TOKYO A new satellite TV service to be launched here and in South Korea in October promises to deliver programming along with radio and data broadcasting to mobile terminals.
Both countries will use the same satellite to provide national coverage. Using new, compact receivers, backers of the mobile TV scheme are touting it as a new lifestyle of ubiquitous TV reception.
Japan's Mobile Broadcasting Corp. (MBCO), which is backed by Toshiba Corp., will begin regular service here in the fall. TU Media Corp., whose largest shareholder is SK Telecom, is also preparing to launch the service focusing on TV reception by mobile phones in South Korea.
The broadcasts will be carried over the Mbsat broadcast satellite launched in March.
Satellite radio broadcasting using S-band has been offered in the United States for several years by XM Satellite Radio and Sirius Satellite Radio. "Mbco will start multimedia broadcasting, including TV, radio and data programs, which should be the first in the world," said Masashi Suenaga, MBCO's vice president. "MBCO has built up the system," said Suenaga, Toshiba's chief engineer for satellite development and the original proponent of the broadcast system.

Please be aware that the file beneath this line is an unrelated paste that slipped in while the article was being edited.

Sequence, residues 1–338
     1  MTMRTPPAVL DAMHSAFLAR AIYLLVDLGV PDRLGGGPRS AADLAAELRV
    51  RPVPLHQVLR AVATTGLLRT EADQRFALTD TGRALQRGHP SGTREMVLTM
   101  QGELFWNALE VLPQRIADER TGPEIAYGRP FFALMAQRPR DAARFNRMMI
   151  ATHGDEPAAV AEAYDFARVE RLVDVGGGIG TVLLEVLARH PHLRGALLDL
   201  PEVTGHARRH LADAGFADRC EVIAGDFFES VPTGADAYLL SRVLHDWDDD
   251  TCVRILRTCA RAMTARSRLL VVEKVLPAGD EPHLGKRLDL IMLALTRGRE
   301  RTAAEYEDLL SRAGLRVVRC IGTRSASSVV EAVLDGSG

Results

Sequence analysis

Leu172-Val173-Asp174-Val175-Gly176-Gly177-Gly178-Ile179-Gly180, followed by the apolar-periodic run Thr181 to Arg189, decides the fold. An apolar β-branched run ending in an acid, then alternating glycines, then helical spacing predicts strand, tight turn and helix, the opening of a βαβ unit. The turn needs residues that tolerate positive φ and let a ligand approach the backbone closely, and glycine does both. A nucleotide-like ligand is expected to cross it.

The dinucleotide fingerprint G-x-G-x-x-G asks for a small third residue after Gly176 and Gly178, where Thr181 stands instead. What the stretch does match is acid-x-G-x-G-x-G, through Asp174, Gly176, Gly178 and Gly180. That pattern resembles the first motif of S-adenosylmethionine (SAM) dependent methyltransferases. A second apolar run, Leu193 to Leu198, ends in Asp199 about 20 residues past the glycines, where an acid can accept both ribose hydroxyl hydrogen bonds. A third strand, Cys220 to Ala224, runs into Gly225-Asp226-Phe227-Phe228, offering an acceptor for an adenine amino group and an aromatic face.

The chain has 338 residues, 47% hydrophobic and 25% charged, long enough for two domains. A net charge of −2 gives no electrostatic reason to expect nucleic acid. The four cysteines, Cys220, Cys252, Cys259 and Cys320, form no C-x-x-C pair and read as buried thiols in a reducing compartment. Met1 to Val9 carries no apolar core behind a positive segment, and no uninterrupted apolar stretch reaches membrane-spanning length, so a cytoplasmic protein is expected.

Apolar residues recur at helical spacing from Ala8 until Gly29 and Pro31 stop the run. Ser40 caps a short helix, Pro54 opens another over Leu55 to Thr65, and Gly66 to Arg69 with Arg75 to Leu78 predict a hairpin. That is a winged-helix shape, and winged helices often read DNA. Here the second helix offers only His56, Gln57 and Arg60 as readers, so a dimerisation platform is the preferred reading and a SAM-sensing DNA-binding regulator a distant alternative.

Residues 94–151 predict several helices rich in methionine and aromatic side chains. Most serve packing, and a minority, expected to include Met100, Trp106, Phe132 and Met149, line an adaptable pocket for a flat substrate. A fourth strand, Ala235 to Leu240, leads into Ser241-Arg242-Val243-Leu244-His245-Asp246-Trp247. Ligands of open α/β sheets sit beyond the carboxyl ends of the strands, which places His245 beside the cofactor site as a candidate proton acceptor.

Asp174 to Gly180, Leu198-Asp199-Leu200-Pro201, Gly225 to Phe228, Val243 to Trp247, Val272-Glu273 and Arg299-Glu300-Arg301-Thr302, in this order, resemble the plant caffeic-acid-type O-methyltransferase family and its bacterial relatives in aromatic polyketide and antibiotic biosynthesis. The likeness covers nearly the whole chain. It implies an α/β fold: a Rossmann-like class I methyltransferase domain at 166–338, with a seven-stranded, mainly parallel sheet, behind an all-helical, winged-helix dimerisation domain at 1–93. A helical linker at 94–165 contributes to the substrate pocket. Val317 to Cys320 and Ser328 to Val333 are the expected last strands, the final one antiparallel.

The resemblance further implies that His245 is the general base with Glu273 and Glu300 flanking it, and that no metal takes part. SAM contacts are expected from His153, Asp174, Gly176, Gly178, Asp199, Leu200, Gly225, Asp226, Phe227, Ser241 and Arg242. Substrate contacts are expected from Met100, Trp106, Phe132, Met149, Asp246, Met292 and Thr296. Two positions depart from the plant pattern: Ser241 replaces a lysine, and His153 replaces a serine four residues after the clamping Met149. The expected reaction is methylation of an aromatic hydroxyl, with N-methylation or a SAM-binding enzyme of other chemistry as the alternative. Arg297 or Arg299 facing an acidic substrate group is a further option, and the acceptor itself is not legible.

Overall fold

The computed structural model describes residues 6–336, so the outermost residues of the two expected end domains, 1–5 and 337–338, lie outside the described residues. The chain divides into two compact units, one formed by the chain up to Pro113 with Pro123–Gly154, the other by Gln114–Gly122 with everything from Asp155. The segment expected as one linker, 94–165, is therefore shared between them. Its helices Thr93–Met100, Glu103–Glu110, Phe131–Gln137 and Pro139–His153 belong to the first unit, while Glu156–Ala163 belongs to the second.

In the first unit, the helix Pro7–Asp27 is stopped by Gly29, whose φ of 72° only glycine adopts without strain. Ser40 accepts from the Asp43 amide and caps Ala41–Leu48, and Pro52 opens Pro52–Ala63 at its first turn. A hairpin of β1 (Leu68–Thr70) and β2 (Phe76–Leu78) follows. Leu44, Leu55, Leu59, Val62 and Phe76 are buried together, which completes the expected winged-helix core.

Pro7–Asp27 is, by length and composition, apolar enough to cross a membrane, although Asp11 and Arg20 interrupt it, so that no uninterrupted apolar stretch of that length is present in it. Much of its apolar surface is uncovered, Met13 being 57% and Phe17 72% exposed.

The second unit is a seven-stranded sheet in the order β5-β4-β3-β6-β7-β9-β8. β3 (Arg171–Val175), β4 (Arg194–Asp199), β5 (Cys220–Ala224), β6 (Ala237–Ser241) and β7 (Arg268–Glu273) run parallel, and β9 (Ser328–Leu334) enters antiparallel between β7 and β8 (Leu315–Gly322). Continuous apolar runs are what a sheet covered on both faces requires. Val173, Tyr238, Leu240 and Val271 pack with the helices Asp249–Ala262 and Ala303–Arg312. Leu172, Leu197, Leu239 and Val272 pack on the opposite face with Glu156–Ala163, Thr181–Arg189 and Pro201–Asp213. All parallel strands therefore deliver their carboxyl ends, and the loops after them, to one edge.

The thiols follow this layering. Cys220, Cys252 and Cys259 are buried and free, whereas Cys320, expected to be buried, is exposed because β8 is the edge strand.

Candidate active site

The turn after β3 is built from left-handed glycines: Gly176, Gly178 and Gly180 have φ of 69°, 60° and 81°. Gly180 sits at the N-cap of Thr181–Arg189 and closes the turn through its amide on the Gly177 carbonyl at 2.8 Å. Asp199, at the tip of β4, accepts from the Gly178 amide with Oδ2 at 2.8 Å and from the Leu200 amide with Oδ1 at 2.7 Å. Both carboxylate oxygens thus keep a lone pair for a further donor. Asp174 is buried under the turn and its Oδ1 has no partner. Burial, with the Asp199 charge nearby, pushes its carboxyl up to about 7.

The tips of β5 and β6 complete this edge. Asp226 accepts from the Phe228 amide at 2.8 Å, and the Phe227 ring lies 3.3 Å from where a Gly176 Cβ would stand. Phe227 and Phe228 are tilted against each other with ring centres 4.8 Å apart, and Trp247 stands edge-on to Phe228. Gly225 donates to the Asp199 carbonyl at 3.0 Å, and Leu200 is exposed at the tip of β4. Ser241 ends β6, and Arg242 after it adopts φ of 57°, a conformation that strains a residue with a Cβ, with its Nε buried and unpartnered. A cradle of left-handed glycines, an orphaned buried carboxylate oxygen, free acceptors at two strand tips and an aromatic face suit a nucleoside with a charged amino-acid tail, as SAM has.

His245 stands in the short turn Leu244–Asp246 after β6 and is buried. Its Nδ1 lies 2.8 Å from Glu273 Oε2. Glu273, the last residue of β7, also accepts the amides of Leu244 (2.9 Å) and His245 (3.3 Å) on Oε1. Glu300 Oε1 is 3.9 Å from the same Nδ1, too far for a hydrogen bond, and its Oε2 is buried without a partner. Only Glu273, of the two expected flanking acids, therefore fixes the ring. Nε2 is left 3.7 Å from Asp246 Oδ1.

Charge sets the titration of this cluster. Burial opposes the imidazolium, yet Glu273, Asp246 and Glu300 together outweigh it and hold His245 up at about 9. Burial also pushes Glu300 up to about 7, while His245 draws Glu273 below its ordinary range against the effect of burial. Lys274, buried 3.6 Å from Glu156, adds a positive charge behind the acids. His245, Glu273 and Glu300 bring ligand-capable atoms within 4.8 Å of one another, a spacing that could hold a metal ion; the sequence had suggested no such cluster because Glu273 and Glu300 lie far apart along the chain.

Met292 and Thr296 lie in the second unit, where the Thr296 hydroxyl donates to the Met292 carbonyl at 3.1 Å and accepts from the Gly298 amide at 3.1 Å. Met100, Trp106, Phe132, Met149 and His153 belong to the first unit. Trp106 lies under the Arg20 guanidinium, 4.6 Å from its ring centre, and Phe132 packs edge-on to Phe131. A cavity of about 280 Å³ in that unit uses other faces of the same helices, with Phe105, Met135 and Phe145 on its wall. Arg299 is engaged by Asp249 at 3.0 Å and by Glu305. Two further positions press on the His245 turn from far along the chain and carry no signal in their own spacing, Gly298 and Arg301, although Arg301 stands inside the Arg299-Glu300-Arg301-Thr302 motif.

Mbsat offers a several-fold increase in power output to enable signal reception by a small antenna embedded in mobile devices. The broadcast network uses a hybrid system consisting of direct reception and gap-fillers that allow reception in the "shadow" of tall buildings. Both techniques use the same 2.6-GHz frequency.
MBCO was established in 1998 by primary shareholders Toshiba Corp., Toyota Motors, Fujitsu Ltd. and Nippon Television Network Corp. Since then, a total 85 companies including SK Telecom and major electronics companies such as Matsushita Electric Industrial Co. Ltd. have invested in the mobile TV venture.
The service to be launched in October will include seven TV channels, 30 radio channels and one data channel, all in a 25 MHz of bandwidth. Video will be QVGA with 320-by-240 pixels resolution using MPEG-4 video coding and MPEG-2 AAC audio coding. MBCO is considering a shift to a H.264 video codec.
Toshiba is supplying the receiver chip set consisting of six components, one pair of orthogonal detection ICs and a twin PLL for tuning, demodulation, authentication and AV decoding. Samsung is also producing the chips for the Korean services.
A dedicated receiver is planned, with some car navigation and reception features at the start. "Various forms of reception are possible," said Suenaga. "The reception function can be incorporated into other equipment."